Now that we know that these cells have a ( 7nm ) membrane, and find that this whisp of matter has what in electronic terms, could be called gates, all about it's area, then I again find this tougher to believe in than a designer.

Who made the designer? Such questions just don't make any sense viewed from the eyes of us very simple entities. (That sounds familiar) We couldn't comprehend the complexity of such an intelligence, so how could we even form a question about its creation.


No intervention? I like to think there is not. That would have to be the prime directive. Anything that gave the game away would negate the experiment/test/training that's going on.

Never the less, given what I've got up to sometimes, there have been times that I've wondered. I really don't deserve to be here still.;)

merlinxx
22nd Oct 2008, 07:26
You've met mine then:E

ORAC
22nd Oct 2008, 07:29
Nice uplifting message in these times of great uncertainty - why not go the whole hog with something like "You're All Going to DIE!!!!!" Relax, enjoy. Life is just a game, and none of us get out of it alive.... :)

13thDuke
22nd Oct 2008, 07:39
I'm afraid I find Fundamentalist Atheists as obnoxious as Fundy Christians, Muslims, etc., etc.


As Mr Draper pointed out "Fundamentalist" atheists are not likely to blow the top of your bus off are they?

Since when was rationality fundamentalist? I notice that you're from Canada. I've never seen it, but I fundamentally believe it exists. Hardly makes me an extremist does it?

arcniz
22nd Oct 2008, 08:14
River view says:

I'm afraid I find Fundamentalist Atheists as obnoxious as Fundy Christians, Muslims, etc., etc.

Come now, who gives a , what you do or don't believe, don't rub it in my face.

and much more eloquently:

Loose rivets says: I have a tough time believing in the reality presented to us. Atoms that consist of a cloud of electrons - that can be in more than one place. And now on telly tonight, a repeat of that professor that suggested multiple universes.

I am not an atheist, but an omnitheist -- I believe a little bit of everything, but prefer to rely, when things get down to the short strokes, on a logic of existence and action that is tied as closely as possible to observable Cause and Effect.

Science, while often somewhat wrong, comes far closer to the cause-effect standard than any sort of theology. On the other hand, theologies, while always definitively and often exuberantly wrong, make one feel much better about the unstoppable workings of cause-effect than do the unsympathetic arcaneries of science.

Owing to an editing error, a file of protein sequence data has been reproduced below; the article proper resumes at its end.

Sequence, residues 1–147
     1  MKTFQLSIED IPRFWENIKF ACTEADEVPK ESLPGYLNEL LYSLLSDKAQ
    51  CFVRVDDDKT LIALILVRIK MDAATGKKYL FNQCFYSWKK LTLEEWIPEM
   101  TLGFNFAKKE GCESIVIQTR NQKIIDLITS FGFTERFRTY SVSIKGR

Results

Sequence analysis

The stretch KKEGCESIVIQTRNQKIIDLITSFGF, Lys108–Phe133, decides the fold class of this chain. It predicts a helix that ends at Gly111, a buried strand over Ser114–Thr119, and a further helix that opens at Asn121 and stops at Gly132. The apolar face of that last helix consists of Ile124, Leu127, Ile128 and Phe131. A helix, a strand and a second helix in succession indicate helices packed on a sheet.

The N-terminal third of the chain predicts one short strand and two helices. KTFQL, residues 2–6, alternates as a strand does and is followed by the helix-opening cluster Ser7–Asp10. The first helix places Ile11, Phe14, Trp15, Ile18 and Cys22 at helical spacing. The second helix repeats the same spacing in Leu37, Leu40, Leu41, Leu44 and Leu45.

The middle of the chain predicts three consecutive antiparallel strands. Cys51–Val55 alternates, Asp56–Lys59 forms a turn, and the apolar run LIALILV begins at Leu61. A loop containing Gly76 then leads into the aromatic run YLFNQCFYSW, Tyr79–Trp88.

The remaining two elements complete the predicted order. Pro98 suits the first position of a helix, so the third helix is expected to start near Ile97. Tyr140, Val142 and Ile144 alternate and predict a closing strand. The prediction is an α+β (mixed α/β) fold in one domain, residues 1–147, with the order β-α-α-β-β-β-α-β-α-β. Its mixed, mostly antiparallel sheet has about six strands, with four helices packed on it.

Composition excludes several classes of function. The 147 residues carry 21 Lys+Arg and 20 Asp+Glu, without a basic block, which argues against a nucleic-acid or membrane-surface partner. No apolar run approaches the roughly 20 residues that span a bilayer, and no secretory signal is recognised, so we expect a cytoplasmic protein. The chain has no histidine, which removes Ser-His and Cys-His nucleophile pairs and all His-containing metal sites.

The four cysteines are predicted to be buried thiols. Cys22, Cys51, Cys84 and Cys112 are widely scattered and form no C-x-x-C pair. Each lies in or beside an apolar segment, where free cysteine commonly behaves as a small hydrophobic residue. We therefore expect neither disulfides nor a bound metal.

One must wonder greatly about people in positions of power who profess to be firm believers in some religious subscription, and who then yet claim to be able to make rational decisions about matters of cause and effect, such as apply to economics, physics, medicine, engineering, etc. Does one want to be endlessly driving on bridges that are designed by folks whose primary engineering concept is that "Dog will provide". One suspects that another inch of steel thickness or another thousand tons of concrete might "provide" better than holy beneficence of any sort when the going gets tough.

All people are fools. We are just silly animals that are easily confused by tasty foods, thin air, flashing lights, electric shocks, chemicals of many sorts, etcetera. The Gods work well for this. The rationale of their existence and proactivity provides Magic results for gullible creatures desperate to find substitutions for their own vast critterly gaps and chasms of understanding in regard to even the simplest matters involving cause and effect.

On the other hand, objects, be they clumps of energy in cold space or bricks on the dinner table, do not have the 'capacity' to believe. They simply are and simply do in accord with some principles that we have partly written down. One might assert that in the world of things, the principles of cause and effect apply normally and easily -- and we may name them collectively as "Thingism". Physics, Chemistry, Mechanics, Logic, Mathematics, and certain other labeled concept groups may be seen as the pillars of Thingism.

Taking a similar dialectic with facets of religious belief, one quickly sees that predominant Western religions apply solely to human beings, and only to certain tribes and selections of them. Animals are not included, nor plants nor rocks nor waves nor waters or clouds, etc. Clearly what folks revere as "religion" is mostly a rather greedy and incestuous anthropocentric narcissism, a theory with few details and lots of fuzzy 'beliefs' that may be adjusted by anyone at anytime to suit the needs of the moment. I tremble to think that people who are guided by such nonsense are in charge of anything that involves cause and effect, because their reliance on 'belief' as the supreme resolution of conflicts and questions - even ones regarding objects and objective results, guarantees a high frequency of failure in achieving the intended outcomes.

Gnirren
22nd Oct 2008, 11:48
People "knew" the earth was flat. They also "knew" that the sun revolved around the earth.

The problem is the belief system that discourages you to look for evidence. With a "the earth is flat" mindset where you have decided a certain thing is correct and refuse to ever challenge that position, or to listen to someone with a different viewpoint you have locked yourself in. What if we had all maintained a collective mindset that worked like this? What if nobody had challenged anything but simply resigned to "knowing" that if something is the way it is then it's because God made it that way.